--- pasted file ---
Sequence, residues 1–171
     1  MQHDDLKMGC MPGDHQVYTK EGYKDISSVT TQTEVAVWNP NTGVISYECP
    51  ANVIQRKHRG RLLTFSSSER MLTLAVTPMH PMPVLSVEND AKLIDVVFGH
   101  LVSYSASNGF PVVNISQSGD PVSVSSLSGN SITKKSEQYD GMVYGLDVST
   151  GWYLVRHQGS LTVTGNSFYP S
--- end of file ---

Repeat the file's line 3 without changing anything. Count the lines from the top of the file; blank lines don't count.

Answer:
    51  ANVIQRKHRG RLLTFSSSER MLTLAVTPMH PMPVLSVEND AKLIDVVFGH